Photo © Tala Halawa

Photo © Tala Halawa

An Environment That Is Loved and Protected

Photo © Tala Halawa

Photo © Tala Halawa

Maher and the Orient & Dance Theatre have ambitious plans for the future. The team of volunteers is currently busy preparing the activities for the summer camp for children from five to twelve years. Moreover, they want to organise a recycling workshop, where kids can draw on pizza boxes and other discarded packaging from the supermarket near the Theatre, and unleash their creativity. The team further intends to offer theatre, dance, acting and singing classes for children. To Maher, promoting the development of children and teenagers is a long-term investment that will benefit Palestinian society. Not only does it awaken the creative minds of the young generations, says Maher, but it increases awareness in Palestinian society about the necessity of recycling. It strengthens children’s confidence in themselves, as well as their ability to bring about change in society. In short, they learn to love the environment and protect it in every possible way.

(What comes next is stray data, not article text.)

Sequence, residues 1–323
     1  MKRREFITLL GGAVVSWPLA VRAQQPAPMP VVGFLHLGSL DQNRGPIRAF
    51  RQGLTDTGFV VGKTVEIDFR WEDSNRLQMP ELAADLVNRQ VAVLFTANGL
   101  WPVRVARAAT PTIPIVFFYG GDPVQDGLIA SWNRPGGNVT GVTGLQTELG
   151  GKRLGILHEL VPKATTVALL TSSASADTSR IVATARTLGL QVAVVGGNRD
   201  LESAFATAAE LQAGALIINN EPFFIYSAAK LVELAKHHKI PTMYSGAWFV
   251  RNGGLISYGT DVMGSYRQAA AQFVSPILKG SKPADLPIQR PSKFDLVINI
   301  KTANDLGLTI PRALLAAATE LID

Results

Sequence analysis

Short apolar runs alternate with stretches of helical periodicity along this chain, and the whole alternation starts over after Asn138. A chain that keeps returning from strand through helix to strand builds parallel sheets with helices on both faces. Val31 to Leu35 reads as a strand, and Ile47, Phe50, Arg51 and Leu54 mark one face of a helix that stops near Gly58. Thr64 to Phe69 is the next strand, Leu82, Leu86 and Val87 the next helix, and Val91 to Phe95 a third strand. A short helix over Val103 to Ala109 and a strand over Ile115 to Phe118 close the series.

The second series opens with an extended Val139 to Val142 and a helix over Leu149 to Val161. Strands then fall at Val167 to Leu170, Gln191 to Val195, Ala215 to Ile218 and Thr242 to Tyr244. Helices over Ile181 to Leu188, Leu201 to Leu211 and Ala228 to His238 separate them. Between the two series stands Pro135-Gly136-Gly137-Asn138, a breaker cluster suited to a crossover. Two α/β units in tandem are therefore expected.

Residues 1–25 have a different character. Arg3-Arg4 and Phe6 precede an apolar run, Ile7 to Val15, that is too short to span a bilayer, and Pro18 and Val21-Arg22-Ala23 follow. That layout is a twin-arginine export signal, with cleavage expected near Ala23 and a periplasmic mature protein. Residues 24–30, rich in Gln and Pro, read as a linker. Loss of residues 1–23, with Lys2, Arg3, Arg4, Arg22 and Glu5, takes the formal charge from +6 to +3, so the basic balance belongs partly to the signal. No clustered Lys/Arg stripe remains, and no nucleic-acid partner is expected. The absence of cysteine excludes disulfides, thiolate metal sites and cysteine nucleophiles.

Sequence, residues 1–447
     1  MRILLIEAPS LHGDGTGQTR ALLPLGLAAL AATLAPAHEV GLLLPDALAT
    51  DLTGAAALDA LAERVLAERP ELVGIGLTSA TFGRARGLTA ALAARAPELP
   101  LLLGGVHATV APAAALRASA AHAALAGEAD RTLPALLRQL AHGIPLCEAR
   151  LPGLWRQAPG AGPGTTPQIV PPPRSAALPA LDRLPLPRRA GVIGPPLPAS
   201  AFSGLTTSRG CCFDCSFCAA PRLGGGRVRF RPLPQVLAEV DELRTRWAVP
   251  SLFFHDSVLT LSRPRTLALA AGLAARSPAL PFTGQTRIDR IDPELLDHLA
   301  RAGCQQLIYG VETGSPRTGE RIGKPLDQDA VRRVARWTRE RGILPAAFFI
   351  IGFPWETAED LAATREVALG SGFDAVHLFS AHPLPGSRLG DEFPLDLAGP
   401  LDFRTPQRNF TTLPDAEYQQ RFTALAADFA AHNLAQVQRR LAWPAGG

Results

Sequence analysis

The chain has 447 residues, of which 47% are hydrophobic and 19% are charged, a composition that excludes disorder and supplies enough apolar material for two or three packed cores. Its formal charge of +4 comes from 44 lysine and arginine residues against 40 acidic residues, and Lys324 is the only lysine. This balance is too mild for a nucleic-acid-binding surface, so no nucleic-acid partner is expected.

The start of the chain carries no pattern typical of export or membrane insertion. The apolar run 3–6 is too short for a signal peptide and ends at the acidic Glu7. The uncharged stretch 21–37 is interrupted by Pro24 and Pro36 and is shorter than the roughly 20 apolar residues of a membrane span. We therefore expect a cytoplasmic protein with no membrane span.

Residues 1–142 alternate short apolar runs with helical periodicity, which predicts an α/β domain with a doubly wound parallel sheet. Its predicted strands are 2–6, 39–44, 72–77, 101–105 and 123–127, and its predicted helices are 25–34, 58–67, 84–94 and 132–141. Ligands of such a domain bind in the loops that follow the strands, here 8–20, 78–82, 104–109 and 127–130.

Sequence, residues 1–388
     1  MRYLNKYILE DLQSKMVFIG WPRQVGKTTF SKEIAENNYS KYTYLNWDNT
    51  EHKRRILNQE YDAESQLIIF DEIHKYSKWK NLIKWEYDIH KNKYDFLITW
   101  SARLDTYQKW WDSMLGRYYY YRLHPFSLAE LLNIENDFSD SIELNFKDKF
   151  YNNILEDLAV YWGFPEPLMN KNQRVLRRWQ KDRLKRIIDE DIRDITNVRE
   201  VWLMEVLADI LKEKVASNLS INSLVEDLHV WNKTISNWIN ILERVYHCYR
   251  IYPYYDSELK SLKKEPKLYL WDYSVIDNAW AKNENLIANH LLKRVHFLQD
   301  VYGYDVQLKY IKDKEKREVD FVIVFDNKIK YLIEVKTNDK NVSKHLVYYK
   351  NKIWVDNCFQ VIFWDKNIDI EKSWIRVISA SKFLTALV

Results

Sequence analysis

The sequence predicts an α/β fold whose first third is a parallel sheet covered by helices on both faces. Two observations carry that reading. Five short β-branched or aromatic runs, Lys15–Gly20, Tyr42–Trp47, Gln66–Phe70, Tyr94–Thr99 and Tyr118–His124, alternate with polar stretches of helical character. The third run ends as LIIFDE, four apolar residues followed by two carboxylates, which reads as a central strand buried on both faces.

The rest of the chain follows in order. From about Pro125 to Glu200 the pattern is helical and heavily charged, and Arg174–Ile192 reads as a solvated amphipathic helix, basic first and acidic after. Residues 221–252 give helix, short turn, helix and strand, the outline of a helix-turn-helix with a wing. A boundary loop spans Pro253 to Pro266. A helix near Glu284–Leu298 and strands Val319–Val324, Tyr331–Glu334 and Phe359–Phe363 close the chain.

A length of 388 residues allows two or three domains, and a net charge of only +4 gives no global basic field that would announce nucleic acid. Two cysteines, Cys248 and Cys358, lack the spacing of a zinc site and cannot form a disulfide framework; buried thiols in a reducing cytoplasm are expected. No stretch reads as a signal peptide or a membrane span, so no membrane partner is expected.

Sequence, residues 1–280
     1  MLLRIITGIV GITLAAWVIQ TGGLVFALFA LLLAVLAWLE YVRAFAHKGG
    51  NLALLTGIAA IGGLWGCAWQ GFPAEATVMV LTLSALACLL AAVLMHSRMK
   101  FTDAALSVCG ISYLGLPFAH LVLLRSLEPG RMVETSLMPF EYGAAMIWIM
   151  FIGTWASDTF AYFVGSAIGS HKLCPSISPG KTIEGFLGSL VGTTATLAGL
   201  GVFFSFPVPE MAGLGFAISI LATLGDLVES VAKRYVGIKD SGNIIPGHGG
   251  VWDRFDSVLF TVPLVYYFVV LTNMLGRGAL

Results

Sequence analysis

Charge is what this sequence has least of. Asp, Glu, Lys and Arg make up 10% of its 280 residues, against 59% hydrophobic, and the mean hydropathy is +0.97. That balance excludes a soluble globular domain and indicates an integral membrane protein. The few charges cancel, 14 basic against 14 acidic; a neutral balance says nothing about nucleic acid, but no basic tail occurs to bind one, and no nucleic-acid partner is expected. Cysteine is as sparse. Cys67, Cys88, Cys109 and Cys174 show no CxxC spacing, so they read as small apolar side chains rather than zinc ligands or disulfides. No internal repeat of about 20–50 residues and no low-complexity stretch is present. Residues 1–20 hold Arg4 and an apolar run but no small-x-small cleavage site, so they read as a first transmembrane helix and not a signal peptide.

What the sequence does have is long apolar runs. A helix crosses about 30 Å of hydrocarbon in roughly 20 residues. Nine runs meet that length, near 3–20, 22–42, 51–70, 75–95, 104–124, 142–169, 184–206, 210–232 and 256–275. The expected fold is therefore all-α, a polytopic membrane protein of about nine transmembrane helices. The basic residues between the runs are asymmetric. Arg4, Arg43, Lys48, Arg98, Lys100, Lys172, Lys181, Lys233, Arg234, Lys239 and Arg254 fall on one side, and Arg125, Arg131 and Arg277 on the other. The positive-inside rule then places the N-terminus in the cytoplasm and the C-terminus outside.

This article originally appeared on FuturePerfect